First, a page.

Friday, February 1, 2013

The Breaking Point

I thought it might be a good idea for me to explain what finally caused 9 nights of stitching, unstitching, & restitching to go from a little bit beyond this,
to this.
If you have read my posts chronicling my stitching of this design,

then you know I was standing at a crossroads when I discovered that I had missed stitching an entire row of stitches making up the snowman's body.  Because this error caused the reindeer's antlers to be out of place, I decided to unstitch the snowman & restitch him.  This occurred the evening of January 30.  Here's what happened last night ... the evening of January 31.

1.   Feeling proud of myself for not giving up on this design, I next stitched the reindeer's antlers after which I noticed that I did not quite get the stitches to meet in one area. How that happened is beyond me, but it happened, & I dutifully picked out all the antler stitches & stitched the antlers once again, this time with success.  

2.   The reindeer needed a colonial knot eye. I made the eye but I really wasn't thrilled with it.  However, I decided to leave it as it was as I moved forward with the design.  My thoughts were that I would continue with all the other stitching & if the eye still did not look good to me when that was finished, I would simply redo it.

3.   I next stitched the railings alongside the house.  This was accomplished relatively easily with just one restitch when I discovered upon making the first vertical rail on the left side that I had positioned one of the horizontal rails incorrectly.  An easy fix, & I thought the finished stitching of both rails looked quite nice.

4.   There was a particular reason that caused me to purchase this chart.  It was not the snowman, nor was it the general look of the design itself.  What prompted me to purchase this chart was the inclusion of the 2 cows in front of the house.  In the past I had a love affair with cows.  I had cow things everywhere.  I still have a soft spot for cows & I thought how wonderful it was to have these 2 little cows in this design! Imagine my disappointment when I discovered they were sheep ... & not simple cross stitched sheep, mind you.  No, they were sheep made with upteen colonial knots ... that hellish contribution to the stitching world from satan himself.  However, by this time I felt rather feisty & decided to give them a go.  I made several attempts knotting the sheep on the right until I got the knots to look sort of nice all bunched together. (There must be a secret to bunching up knots but I don't give a care what it might be because I am never going to try to bunch them again.) I actually completed knotting that first sheep & it sort of looked okay, but I wasn't sure.  Also, I made a knot or two before the last one which looked rather wonky.  I wasn't happy with this but was it worth cutting out all the other knots & starting again?  I tried to fix it by sort of pulling it down into the mass of other knots & it looked a little better, but not much.  Like the reindeer's eye, I decided that I would decide what to do about it if it was still bothering me after I completed the rest of the stitching.  I then moved on to knotting sheep #2.

5.  The knotting of sheep #2 was not going well at all.  Sometimes the knots looked okay, sometimes not, but no matter how many times I tried knotting that sheep, it looked bad.  It was at this point that I decided it was time to give up on having knotted sheep. I cut out the knots made on sheep #2 & then went back to sheep #1 & cut out those knots as well.  I decided I would just stitch the sheep with cross stitches & try to get them to look more like cows which, as already stated above, I thought they were in the first place.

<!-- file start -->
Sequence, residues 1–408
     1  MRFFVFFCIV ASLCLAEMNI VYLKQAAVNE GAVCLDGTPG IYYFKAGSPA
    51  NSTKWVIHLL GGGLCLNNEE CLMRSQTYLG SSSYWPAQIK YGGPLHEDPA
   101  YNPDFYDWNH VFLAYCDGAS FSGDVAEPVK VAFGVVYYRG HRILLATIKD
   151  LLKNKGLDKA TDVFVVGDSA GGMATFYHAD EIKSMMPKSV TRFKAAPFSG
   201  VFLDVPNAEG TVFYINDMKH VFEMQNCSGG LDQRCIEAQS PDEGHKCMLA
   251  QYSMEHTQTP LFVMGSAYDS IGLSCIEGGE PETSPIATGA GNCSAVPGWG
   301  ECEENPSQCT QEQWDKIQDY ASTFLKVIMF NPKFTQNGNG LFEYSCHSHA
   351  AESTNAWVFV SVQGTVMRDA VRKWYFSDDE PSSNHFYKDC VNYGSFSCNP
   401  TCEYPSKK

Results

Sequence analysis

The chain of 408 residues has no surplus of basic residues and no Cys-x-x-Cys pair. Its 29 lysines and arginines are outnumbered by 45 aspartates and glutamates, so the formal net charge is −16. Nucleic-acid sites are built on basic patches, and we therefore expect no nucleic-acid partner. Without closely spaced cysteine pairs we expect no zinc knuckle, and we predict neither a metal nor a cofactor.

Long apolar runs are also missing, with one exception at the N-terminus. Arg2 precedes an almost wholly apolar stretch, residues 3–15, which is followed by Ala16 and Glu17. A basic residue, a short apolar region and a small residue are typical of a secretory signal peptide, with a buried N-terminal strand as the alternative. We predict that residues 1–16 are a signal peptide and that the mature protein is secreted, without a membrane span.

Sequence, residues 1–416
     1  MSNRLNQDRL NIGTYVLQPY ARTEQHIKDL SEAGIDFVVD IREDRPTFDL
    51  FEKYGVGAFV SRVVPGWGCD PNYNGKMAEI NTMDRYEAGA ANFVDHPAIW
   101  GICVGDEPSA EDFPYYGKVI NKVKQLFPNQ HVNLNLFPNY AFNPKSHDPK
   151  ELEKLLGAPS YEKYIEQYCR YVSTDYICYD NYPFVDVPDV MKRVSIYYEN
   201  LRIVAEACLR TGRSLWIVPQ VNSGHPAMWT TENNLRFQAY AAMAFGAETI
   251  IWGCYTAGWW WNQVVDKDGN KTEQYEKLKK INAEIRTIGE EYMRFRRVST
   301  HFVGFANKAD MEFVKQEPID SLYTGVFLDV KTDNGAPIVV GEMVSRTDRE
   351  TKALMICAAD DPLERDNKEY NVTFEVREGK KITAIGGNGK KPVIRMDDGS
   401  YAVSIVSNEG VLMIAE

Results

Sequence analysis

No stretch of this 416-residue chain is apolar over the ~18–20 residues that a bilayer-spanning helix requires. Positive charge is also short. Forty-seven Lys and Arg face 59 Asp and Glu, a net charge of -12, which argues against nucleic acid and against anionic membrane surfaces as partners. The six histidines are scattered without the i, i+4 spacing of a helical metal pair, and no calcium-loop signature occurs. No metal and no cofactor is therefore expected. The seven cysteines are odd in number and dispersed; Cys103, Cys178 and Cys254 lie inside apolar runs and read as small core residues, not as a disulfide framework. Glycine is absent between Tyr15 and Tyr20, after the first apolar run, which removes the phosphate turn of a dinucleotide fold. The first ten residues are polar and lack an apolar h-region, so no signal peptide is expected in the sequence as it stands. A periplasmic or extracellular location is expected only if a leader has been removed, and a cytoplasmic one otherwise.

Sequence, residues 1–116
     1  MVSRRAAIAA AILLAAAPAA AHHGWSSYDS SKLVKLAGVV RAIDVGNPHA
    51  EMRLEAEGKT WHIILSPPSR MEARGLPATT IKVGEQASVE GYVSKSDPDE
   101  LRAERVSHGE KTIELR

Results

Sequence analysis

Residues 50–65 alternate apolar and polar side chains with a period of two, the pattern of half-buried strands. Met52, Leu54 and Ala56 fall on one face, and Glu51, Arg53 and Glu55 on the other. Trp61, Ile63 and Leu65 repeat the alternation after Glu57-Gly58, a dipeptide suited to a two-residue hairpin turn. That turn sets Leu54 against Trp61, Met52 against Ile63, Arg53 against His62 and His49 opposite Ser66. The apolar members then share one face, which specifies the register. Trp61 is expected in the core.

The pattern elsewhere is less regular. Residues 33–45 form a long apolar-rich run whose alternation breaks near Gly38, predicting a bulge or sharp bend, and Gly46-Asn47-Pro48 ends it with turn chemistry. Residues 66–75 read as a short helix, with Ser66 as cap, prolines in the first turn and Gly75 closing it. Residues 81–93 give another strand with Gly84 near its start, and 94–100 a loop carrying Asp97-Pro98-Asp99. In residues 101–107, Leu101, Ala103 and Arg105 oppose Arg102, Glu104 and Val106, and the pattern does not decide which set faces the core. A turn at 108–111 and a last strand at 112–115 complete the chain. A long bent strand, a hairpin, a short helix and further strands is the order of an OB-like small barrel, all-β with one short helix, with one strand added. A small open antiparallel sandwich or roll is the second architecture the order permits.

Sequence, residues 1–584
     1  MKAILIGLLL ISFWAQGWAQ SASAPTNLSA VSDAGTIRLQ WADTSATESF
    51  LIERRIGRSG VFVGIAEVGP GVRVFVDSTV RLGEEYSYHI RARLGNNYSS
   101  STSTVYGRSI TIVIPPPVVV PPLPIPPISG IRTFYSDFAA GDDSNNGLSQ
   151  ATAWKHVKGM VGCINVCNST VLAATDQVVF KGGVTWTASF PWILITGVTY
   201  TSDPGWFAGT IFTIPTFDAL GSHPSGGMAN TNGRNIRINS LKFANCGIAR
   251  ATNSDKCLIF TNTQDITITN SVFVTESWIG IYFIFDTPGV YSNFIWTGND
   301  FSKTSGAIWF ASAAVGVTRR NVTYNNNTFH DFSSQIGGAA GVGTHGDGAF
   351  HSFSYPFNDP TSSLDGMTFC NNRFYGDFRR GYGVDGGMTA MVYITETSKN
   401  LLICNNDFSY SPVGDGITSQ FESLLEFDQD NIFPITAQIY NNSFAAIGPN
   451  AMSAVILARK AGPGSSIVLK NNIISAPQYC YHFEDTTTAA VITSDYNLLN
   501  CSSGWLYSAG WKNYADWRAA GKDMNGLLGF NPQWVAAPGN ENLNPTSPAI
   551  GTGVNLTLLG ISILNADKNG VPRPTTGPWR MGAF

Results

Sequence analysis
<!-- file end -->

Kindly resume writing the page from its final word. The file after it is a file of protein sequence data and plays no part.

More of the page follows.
6.  I cross stitched the cow on the left, added the legs & then the ears.  Now here's a pet peeve of mine.  Okay, one of my pet peeves.  Why do designers want you to make a half cross stitch on top of an already completed cross stitch?  It always splits the 2 threads of the top of the cross in two, & sometimes the bottom 2 threads as well, & it looks really sloppy & stupid.  This is how  the designer of this chart designed the placement of the sheeps' (now cows') ears. After trying a time or two to follow the designer's ear stitch placement, even though I knew what the outcome would be, I adjusted the placement of the ears but they still did not look good.  In fact, after completing the ears on the cow on the left, its head look more like the head of an elephant with a skinny ear pointing up at the top & a skinny trunk hanging down.  Once again I thought "maybe this will grow on me" & I decided to start stitching cow #2.  

7.   As I began stitching cow #2, I thought maybe these 2 critters would look more cow like if I stitched a tail on them.  At this point I had stitched the top row of cross stitches on this cow & I decided to stitch her ears right away rather than waiting to add them when I was done stitching her body as I had done with cow #1.  However, I could not for the life of me get this cow's bottom ear to lay nicely.  

It was at this point that an immense loathing of this design sprang up in me.  Initially I thought it was a nice design, even when I discovered the cows were sheep & even when I discovered the designer had included well over 70 colonial knots.  But at this point in time ... after 9 nights of stitching, unstitching, & restitching ... I knew I would never want to look at this design again, even if I were to complete it to my satisfaction.  I sat there in my recliner, stitching in hand, grabbed my scissors, & did this.
However, it wasn't enough ... it wasn't enough at all ... &, well, you know the rest.  
I think I may have stitching PTSD after this experience.  I have a file full of HE designs but I fear I may never be able to stitch any of them.  The joy of stitching anything has actually escaped me for the moment.  I'm sure I'll stitch again.  However, I will take a very careful look at any charts I have, & if this, or any other designer, includes these stupid half cross stitches on top of already completed cross stitches, or more than a few colonial knots, that chart will immediately go in my sale/trade pile.  


Vickie said...

Holy Smokes Shirlee!! Wow! Well, no goin' back now sister!

You know what? Take a break. What about your tatting?

I am still praying for you.♥

Mrs. GraceWorks said...

I must admit that I was horrified when I saw that you'd burned it, but then I remembered a certain January crazy start from two years ago that I finished stitching and promptly threw in the trash - it was SO ugly!!! I remember the relief I felt that I wouldn't have to look at it anymore, and you probably feel the same way. I would recommend a nice easy stitch like an LHN sheep or a primitive LOVE design to get over the trauma! And if you'd like to get rid of the HE chart, I'd love to try it!
: )


Laura said...